Paramedics are trained to handle medical emergencies.
But they're also responding to numerous non-emergency calls that officials say wreak havoc throughout the entire system.
With the goal of alleviating that burden for emergency responders, Superior North EMS chief Norm Gale is looking to tap into a $6 million fund across the province to develop and create community paramedicine programs that would help divert non-urgent calls.
The programs would give people an alternative service to maximize the efficiency of emergency responders and provide financial savings.
“Paramedics are often getting sent to calls where they are not well-suited to provide that care,” Gale said on Friday.
“What a community paramedic could do in a new, unique fashion is provide care to those people or participate in the health care and social services system so those people get the care they need.”
The provincial funding, which was announced by the Ministry of Health in January, will seek to provide improved access to home care and other community support services.
That means fewer trips to hospital and creating better links to other resources.
Currently, paramedics are sent to a substantial number of calls that Gale identifies as being a result of psycho-social, poverty, violence or homeless issues.
Sending emergency responders who are not trained in those scenarios is not fair to the paramedics or the callers, he said.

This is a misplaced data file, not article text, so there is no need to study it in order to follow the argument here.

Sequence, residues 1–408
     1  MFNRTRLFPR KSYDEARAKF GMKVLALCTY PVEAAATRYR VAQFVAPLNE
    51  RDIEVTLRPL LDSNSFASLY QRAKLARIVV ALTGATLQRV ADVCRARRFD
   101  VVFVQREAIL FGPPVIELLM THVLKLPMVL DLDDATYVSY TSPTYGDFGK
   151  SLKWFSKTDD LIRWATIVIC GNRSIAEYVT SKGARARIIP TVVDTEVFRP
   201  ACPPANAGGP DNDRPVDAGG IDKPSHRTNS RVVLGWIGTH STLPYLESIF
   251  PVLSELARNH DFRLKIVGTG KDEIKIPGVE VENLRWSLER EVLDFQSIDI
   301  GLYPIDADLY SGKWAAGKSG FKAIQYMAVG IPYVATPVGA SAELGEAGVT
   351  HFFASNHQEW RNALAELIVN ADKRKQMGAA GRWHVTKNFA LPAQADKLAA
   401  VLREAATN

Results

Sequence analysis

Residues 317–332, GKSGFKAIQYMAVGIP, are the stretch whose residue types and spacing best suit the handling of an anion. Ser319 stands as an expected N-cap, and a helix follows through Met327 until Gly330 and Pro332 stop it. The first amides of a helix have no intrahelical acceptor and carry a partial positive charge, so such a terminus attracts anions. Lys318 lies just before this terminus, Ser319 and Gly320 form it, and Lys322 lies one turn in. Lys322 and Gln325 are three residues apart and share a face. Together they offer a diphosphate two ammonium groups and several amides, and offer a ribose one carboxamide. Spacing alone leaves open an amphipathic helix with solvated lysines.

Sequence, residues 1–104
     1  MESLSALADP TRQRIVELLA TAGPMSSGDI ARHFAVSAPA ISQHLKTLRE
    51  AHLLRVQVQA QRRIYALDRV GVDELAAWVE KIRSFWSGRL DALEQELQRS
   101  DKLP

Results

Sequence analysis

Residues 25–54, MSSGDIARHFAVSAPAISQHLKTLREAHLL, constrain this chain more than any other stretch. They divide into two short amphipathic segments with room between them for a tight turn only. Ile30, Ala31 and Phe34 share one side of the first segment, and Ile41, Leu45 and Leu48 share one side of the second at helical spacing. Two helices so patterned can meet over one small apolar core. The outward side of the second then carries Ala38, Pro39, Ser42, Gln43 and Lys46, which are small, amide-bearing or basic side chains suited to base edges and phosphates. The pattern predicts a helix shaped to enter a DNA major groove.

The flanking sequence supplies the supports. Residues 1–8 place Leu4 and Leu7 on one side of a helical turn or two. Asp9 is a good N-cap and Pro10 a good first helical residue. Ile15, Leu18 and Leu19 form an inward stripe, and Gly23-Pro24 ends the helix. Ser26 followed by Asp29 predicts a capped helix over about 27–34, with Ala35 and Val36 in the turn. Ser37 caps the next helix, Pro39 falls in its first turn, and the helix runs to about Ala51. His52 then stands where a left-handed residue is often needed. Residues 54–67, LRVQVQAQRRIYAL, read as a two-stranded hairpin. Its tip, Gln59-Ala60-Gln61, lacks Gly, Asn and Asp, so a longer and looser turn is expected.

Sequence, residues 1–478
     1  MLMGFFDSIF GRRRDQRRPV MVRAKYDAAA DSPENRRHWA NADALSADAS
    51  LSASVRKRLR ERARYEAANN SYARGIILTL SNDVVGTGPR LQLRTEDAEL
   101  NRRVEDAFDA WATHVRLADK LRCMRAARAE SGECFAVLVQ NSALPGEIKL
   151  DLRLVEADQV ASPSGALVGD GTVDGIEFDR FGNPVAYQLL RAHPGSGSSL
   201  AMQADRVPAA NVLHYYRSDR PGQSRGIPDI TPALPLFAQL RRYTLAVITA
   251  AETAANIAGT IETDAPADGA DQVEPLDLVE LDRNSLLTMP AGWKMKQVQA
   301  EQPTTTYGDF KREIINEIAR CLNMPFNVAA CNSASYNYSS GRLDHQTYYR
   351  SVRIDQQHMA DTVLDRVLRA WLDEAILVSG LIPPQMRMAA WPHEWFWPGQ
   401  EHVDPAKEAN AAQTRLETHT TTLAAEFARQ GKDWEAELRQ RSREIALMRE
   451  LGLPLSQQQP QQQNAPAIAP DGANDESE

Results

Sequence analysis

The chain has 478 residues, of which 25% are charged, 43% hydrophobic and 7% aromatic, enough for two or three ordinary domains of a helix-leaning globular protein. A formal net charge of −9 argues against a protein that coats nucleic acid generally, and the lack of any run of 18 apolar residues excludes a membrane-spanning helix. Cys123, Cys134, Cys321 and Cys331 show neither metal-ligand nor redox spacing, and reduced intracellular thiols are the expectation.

Gale was on a ride along with paramedics recently and responded to a situation where the caller dialed 911 looking for a ride to the Shelter House. The Shelter House’s Street Outreach Services program was contacted and transported the individual.
To prevent instances like that from happening in the future, he envisions a program that can be aligned with social services such as the Shelter House and the Thunder Bay Drug Strategy to provide appropriate care throughout the community.
It would also be an avenue to utilize paramedics who are either injured or only able to perform limited duties.
In smaller communities across the district, Gale provided an example of paramedics doing scheduled home visits to elderly residents between calls to monitor their health and ensure the home is free of hazards. That would help them remain independent at home for longer, and not forcing them into a care facility.
A local task force composed of the Thunder Bay District Health Unit, Northwest Community Care Access Centre and the Northwest Local Health Integration Network will create a funding proposal to the Ministry of Health within the next six weeks.
They are seeking up to $300,000.
Earlier this week Gale and other members of the Ontario Association of Paramedic Chiefs met with Minister of Health Deb Matthews, where she reaffirmed her support for the project.